The surplus on the capital account increased in the second quarter mainly because of the 69 million euros received in investment support from the European Union Structural Funds.

The net total of the current and capital accounts, or net lending (+) or borrowing (-), saw a surplus of 376 million euros in the second quarter, meaning that the Estonian economy was a net lender to other countries. This was reflected as a net outflow of capital on the financial account of the balance of payments as foreign direct investors reduced the equity of their direct investment companies in Estonia. Credit institutions brought capital in from their external accounts, which was reflected on the cash and deposits account under other investments, with the result that the external assets of the central bank, reflecting the deposits of the banks at the central bank, increased.

Eesti Pank will release the statistics for the balance of payments and the external debt for the third quarter together with a comment on 9 December.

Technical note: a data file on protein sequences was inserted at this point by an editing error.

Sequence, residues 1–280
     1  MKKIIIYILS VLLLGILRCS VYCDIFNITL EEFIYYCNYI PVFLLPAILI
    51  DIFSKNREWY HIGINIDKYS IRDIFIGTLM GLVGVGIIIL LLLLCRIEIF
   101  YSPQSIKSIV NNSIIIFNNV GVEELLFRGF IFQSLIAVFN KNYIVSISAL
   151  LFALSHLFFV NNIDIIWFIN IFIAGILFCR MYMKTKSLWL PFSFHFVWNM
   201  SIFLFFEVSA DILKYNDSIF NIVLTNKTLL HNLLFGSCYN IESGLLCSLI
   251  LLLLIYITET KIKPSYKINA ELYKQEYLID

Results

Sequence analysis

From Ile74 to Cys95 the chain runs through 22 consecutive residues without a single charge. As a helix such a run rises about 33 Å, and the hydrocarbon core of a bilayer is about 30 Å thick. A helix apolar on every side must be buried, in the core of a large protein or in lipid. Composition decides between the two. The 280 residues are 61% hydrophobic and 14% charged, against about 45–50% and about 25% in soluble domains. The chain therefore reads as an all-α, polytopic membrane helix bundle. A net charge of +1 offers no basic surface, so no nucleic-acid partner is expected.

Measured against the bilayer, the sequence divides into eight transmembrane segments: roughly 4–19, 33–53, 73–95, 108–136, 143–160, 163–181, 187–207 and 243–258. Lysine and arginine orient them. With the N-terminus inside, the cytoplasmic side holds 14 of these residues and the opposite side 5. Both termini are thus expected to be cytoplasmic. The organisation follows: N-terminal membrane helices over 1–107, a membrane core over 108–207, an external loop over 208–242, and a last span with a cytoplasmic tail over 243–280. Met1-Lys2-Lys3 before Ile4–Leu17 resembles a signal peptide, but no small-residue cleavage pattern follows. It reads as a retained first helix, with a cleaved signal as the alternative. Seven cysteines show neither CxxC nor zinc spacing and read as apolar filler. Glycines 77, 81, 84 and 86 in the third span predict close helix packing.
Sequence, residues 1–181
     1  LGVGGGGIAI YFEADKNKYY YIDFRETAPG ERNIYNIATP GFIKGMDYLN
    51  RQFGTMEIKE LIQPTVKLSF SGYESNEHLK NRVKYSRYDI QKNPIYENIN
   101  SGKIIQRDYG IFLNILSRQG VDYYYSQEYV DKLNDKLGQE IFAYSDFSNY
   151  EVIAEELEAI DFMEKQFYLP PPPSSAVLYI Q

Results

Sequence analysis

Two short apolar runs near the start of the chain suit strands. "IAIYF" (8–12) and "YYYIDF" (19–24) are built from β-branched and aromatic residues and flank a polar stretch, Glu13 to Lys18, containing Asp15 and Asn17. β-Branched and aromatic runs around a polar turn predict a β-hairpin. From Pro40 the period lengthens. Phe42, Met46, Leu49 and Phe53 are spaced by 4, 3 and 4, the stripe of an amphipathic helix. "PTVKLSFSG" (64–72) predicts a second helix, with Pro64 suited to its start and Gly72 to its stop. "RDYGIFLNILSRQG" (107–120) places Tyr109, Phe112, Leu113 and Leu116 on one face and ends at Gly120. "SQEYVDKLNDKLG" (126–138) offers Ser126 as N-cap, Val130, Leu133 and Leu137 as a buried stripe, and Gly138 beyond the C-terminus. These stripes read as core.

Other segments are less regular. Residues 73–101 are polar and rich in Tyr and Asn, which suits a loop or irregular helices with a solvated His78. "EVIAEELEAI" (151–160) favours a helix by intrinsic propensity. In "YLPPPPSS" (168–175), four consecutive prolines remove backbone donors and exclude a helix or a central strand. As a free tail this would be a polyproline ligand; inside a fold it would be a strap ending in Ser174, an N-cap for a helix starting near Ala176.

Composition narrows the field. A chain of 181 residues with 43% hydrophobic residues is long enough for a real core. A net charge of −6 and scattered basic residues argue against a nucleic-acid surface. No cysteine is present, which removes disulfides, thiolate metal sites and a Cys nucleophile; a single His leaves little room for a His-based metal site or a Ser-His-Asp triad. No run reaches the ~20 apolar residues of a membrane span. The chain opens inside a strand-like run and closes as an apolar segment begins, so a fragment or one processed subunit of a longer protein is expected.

1 All comparisons have been drawn on an annual basis, if not indicated otherwise.

2 Net flow = inflow minus outflow. If the inflow exceeds the outflow, there is a net inflow, if the outflow exceeds the inflow there is a net outflow.

3 Superdividends are on-off dividend payments that are treated as a reduction in equity and shown in the financial account.

The structure of the current account

Net lending (+) and net borrowing (-) and the total current and capital account


Source: Bank of Estonia

The current account at 25 Meur in surplus in July

The flash estimate1 put the Estonian current account at 25 million euros in surplus in July 2015. Activity in the Estonian external economy has declined in recent months and the volumes of credit and debit on the current account have been smaller than a year earlier for four months. Exports of goods, services and investment income were all down in July and imports of goods, services and income were all less in July than they were a year previously.

Capital income was boosted by active use of grants from the European Union Structural Funds, and the surplus on the current and capital account stood at 56 million euros in July. The Estonian economy has been a net lender to the rest of the world throughout 2015, so the country as a whole invested more resources abroad than it received from there.